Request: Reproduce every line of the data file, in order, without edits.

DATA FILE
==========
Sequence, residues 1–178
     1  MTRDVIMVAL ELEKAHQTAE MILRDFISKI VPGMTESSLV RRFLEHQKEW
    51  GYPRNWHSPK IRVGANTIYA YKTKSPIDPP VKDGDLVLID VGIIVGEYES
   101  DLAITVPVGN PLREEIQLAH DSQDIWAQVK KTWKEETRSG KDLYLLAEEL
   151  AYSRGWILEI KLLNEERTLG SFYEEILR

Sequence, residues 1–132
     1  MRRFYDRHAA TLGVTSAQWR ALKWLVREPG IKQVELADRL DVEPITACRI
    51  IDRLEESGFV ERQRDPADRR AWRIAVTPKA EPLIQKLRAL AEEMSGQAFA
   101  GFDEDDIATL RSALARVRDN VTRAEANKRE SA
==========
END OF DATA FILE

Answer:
Sequence, residues 1–178
     1  MTRDVIMVAL ELEKAHQTAE MILRDFISKI VPGMTESSLV RRFLEHQKEW
    51  GYPRNWHSPK IRVGANTIYA YKTKSPIDPP VKDGDLVLID VGIIVGEYES
   101  DLAITVPVGN PLREEIQLAH DSQDIWAQVK KTWKEETRSG KDLYLLAEEL
   151  AYSRGWILEI KLLNEERTLG SFYEEILR

Sequence, residues 1–132
     1  MRRFYDRHAA TLGVTSAQWR ALKWLVREPG IKQVELADRL DVEPITACRI
    51  IDRLEESGFV ERQRDPADRR AWRIAVTPKA EPLIQKLRAL AEEMSGQAFA
   101  GFDEDDIATL RSALARVRDN VTRAEANKRE SA